So, you want to open a Pilates studio? Well, there’s never been a better time to do so.
Because even the arrival of a worldwide pandemic hasn’t slowed the ever-growing demand for this fitness discipline, in fact, according to a recent global report, the market size of the Pilates and yoga studio sector is set to reach a massive $215,811 million by 2025.
Global markets aside, however, setting up on your own Pilates business remains as challenging as attempting a full Teaser for the first time!
Not even renting a suitable space and buying the best equipment (while obviously super important) will guarantee your studio is a success.
Luckily, we’ve been there, done the research and know all the potential pitfalls for new studio owners. So, read on and discover the seven essential yet surprising things you need to know if you want to open a Pilates studio.
1. Write a Pilates studio business plan
So, you’re great at teaching Pilates? Surely that means running a studio is going to be plain sailing, right? Wrong!
If you want to open a Pilates studio, you need to put your business brain before your Pilates instincts.
That means coming up with a watertight business plan and deciding how you’re going to finance the studio initially, before making any decisions related to the studio (that includes holding off on the next-gen Trapeze Tables and Reformers for now!).
A realistic financial plan can help you avoid serious financial problems, such as your Pilates studio going out of business.
Make sure yours includes:
- An overall budget.
- Your projected start-up costs.
- Research into your market competitors and your target market.
Need advice when writing your Pilates studio business plan? Speaking to a lawyer and accountant is a good first step. The internet also has plenty of free resources and how-to guides.
2. Hire quality instructors
Once you decide to expand the studio past the one employee (aka yourself, if you’re a teacher), it’s important to look for quality instructors. After all, they’re going to represent your brand to your clients, whose recommendations will be one of the best ways to grow your business!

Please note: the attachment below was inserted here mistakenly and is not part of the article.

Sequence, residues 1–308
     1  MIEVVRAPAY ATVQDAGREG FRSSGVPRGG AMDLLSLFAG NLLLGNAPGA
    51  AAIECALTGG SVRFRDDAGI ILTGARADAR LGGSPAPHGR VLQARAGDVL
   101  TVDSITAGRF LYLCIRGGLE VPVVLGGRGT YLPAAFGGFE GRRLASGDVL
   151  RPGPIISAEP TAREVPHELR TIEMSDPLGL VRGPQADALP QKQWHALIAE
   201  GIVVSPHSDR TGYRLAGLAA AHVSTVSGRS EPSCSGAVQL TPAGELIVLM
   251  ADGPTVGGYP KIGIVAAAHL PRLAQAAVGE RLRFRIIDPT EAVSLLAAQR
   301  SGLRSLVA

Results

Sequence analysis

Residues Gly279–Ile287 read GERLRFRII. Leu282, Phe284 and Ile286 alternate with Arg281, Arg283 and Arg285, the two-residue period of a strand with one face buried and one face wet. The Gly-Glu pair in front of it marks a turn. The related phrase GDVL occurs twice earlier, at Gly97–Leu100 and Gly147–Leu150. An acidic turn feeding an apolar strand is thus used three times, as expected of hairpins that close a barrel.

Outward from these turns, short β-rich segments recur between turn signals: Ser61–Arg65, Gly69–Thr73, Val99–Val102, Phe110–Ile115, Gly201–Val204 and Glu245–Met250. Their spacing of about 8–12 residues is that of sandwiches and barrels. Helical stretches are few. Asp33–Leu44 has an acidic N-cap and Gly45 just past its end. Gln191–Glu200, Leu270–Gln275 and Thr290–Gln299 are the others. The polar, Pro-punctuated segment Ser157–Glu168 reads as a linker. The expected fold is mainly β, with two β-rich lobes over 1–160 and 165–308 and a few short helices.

For safety’s sake, it’s also important that your instructors are able to modify exercises correctly to meet the needs of their students, so check that they have the necessary experience and are certified with a reputable body before bringing them onboard.
3. Get your pricing right
If you haven’t thought about pricing structures and local demographics, then it’s time to step to it! After all, pricing can be the make-or-break factor when it comes to opening a new studio.
Boutique Pilates studios (especially equipment ones) can often charge a little more for their classes than big group mat classes. That’s because these group classes tend to be small, with students enjoying more 1-2-1 attention from instructors than, say, gym classes with 30 + people.
However, the prices you can charge do largely depend on your location. Studios operating in more rural areas, for example, may find their students less willing to pay top rates than in urban areas.
Find what you should be charging for your Pilates classes by researching rival studios in your local area or, alternatively, look to studios operating elsewhere in areas that are similar to yours (who will probably be more willing to reveal their average Pilates class price to you).
Once you’ve got the information you need, it’s time to go away and price your classes in a competitive way that fairly reflect the value of the services you offer.
4. Get insurance
Getting insurance should really be number 1 on the “how to open a Pilates studio” list. Without it, you could be liable for medical expenses should a student get injured accidentally during your (or your fellow teachers’) class.
While all practicing Pilates teachers need “Professional Indemnity Insurance” (which means, hopefully, every qualified instructor before you hire them), it’s always best to check! To avoid any complications – and scary legal battles – it’s worth making sure that anyone you invite to teach in your studio is insured and that yours (if you’re also a teacher) stays up to date.